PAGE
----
For a long time, voice-recognition specialist Nuance Communications (NASDAQ:NUAN) hasn't been living up to its full potential in the minds of investors, as the once-promising rollout of products with mass-market appeal hasn't resulted in the company's ubiquitous presence in the fast-growing mobile market. Coming into Thursday afternoon's fiscal second-quarter financial report, Nuance investors weren't sure whether the company's successes in other areas would lead to overall growth.
The reality was a lot brighter, though, with solid gains that should give long-term shareholders greater confidence in the company's future. Let's take a closer look at Nuance, and how the company has done recently.
Nuance talks a good game
The fact that investors were excited about Nuance's overall results says more about the low expectations they had than any huge progress on Nuance's part. Adjusted revenue actually fell slightly, to $488.1 million, but that was better than the expected 2% loss, to $481 million, that most investors in the company had expected.
Similarly, after making modifications, adjusted net income gained 12%, to $98.9 million, resulting in earnings of $0.30 on an adjusted basis. Not only was that $0.25 above the consensus estimate, it also resulted in year-over-year earnings growth -- something investors hadn't expected to see.
As we've regularly seen, Nuance has had varying degrees of success from various segments. This quarter, though, the Mobile and Consumer business stood out from the crowd, with organic growth of 9% helping to push sales up to $116.7 million. But declines in the key Healthcare segment, which brings in almost half of Nuance's total revenue, weighed on the overall results, and 7% declines in the Enterprise and Imaging divisions pointed to substantial weakness. Still, gains of about 6% in Imaging, which came from acquisition activity, were important, as the segment has the highest profit margin of any of Nuance's four main divisions.
Nuance's transformation toward greater recurring revenue continues to run its course, albeit more slowly. Recurring revenue rose about half a percent for the quarter, while perpetual license revenue rose a roughly proportional amount, keeping the split at around two-thirds to one-third in favor of recurring revenue. Net bookings fell due to the loss of a one-time item last year and ongoing currency issues.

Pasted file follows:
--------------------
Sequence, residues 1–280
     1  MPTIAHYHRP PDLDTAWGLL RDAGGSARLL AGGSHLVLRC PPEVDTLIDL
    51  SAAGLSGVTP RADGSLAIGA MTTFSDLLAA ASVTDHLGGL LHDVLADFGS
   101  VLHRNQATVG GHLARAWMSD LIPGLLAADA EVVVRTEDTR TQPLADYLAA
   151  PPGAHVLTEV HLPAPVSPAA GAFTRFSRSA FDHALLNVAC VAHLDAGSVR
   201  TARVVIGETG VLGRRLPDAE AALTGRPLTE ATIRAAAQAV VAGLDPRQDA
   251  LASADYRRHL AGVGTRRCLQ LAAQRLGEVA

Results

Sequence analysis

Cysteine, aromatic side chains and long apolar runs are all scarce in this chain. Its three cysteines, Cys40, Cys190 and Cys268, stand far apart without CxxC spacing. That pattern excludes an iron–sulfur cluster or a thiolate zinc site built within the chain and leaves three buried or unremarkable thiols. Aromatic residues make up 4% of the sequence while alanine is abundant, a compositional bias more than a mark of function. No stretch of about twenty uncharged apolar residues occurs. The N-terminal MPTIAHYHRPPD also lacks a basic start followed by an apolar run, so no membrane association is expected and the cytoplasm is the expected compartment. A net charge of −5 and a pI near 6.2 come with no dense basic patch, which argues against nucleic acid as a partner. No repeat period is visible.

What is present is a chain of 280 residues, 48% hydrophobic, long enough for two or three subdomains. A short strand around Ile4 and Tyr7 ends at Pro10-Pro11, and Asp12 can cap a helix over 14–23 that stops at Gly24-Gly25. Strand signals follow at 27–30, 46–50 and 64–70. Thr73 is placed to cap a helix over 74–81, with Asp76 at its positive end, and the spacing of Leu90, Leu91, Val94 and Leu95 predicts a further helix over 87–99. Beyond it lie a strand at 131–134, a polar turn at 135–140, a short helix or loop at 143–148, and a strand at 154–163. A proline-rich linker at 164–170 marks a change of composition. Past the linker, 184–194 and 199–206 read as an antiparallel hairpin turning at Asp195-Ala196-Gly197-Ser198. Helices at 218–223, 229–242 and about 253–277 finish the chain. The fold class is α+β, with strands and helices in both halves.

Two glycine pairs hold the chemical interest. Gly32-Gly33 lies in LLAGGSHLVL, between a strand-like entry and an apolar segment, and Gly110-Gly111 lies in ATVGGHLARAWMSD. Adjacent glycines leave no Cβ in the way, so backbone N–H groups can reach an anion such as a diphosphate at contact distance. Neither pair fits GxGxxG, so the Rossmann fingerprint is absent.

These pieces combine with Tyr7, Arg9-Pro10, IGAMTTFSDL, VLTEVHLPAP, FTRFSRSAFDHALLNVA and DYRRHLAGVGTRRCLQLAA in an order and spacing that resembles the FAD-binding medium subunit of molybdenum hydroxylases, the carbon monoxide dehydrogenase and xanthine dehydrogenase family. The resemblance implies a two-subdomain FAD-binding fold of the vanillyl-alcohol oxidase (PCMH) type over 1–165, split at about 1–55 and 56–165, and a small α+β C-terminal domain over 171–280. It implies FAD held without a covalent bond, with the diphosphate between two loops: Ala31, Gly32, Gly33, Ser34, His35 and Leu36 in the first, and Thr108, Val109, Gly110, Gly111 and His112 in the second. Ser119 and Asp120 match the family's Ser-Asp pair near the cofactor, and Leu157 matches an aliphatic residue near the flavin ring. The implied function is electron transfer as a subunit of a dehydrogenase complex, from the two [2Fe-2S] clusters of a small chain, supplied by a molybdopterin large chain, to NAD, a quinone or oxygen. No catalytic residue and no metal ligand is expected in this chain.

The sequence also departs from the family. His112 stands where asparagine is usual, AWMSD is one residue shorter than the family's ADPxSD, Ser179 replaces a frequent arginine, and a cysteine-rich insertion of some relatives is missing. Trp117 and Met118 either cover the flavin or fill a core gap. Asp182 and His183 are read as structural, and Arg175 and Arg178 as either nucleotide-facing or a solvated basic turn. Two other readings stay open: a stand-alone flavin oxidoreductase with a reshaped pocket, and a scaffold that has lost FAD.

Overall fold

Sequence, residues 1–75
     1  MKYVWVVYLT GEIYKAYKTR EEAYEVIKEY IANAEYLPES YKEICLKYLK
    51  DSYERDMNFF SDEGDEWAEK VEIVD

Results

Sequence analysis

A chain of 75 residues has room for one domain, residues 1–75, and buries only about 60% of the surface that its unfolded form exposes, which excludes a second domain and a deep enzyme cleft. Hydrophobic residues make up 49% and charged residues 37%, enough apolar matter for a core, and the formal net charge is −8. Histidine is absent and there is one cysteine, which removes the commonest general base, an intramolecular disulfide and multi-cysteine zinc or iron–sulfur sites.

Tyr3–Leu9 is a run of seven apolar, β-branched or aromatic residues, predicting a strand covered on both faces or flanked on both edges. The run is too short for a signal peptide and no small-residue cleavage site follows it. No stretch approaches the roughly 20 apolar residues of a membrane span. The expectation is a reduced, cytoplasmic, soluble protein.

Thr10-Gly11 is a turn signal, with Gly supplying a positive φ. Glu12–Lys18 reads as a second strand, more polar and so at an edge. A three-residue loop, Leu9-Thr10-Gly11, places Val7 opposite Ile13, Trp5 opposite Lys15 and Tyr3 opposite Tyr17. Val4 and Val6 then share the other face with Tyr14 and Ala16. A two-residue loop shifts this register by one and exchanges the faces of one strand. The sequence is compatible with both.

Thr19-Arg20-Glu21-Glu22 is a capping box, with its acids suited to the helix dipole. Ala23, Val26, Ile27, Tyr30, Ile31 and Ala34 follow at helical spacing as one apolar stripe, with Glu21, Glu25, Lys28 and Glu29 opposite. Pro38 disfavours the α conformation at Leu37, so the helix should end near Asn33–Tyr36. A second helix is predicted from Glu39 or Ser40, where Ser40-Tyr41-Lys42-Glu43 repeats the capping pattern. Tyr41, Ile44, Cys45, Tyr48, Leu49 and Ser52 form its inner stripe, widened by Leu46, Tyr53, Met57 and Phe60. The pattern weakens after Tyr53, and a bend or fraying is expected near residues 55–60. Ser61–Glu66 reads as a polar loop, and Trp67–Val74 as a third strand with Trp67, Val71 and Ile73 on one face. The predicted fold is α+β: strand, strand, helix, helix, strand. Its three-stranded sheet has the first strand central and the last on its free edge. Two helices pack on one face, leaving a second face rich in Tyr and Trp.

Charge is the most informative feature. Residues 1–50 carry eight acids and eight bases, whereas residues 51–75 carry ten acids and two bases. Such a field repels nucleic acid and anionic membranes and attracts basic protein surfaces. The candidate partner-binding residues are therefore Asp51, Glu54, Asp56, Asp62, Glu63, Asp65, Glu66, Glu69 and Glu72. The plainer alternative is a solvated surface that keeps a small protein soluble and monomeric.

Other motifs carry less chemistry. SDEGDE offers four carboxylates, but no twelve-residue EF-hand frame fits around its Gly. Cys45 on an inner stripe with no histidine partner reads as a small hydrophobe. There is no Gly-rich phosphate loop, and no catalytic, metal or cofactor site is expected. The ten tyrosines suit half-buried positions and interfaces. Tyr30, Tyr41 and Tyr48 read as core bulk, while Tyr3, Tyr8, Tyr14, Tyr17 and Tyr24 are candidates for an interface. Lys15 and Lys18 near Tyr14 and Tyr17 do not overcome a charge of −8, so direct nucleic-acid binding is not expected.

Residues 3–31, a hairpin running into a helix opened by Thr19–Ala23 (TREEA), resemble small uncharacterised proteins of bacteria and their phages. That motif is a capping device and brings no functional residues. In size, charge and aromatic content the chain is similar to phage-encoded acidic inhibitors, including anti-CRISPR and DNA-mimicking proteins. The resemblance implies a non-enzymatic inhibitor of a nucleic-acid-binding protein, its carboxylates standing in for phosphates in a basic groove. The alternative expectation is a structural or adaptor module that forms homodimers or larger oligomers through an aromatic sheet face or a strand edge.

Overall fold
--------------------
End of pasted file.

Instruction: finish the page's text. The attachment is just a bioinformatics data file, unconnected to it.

Nuance's CFO Tom Beaudoin seemed pleased with the results. "Nuance delivered second-quarter revenue and EPS that exceeded our guidance," Beaudoin said, and "Our improved EPS, operating margin, and operating cash flow reflect the results of our continuing efficiency and cost control initiatives."
Can Nuance keep climbing higher?
Perhaps an even bigger sign of Nuance's confidence came from the announcement of a massive share repurchase program. Nuance said that it would authorize an additional $500 million under its repurchase plan, adding more fuel to the efforts that have really taken off since the plan began in early 2013. During the current quarter, Nuance spent $120.3 million buying back about 8.56 million shares, and the more than 25 million shares that Nuance has bought back in the past two years represents almost 8% of the company's overall share count.
Unfortunately, though, buybacks haven't really resulted in lasting gains for the stock. Shares posted solid gains in the middle of last year, but they gave way to further declines toward the end of the year. Clearly, investors want to see more than financial impacts to drive growth, and are looking for confirmation of the success of the company's overall business strategy.
Nuance investors were generally pleased with the results, as Nuance shares rose by more than 1% in the first hour of after-market trading following the announcement. Still, the somewhat muted response only highlights the skepticism that at least some investors have toward the company. Shareholders want more from Nuance in terms of making good on its growth promise before they'll be willing to put the loss of the mobile-device opportunity behind them, and get back to the business of making money in whatever niches work best for Nuance.
Dan Caplinger owns shares of Apple. The Motley Fool recommends Apple and Nuance Communications. The Motley Fool owns shares of Apple and Nuance Communications. Try any of our Foolish newsletter services free for 30 days. We Fools may not all hold the same opinions, but we all believe that considering a diverse range of insights makes us better investors. The Motley Fool has a disclosure policy.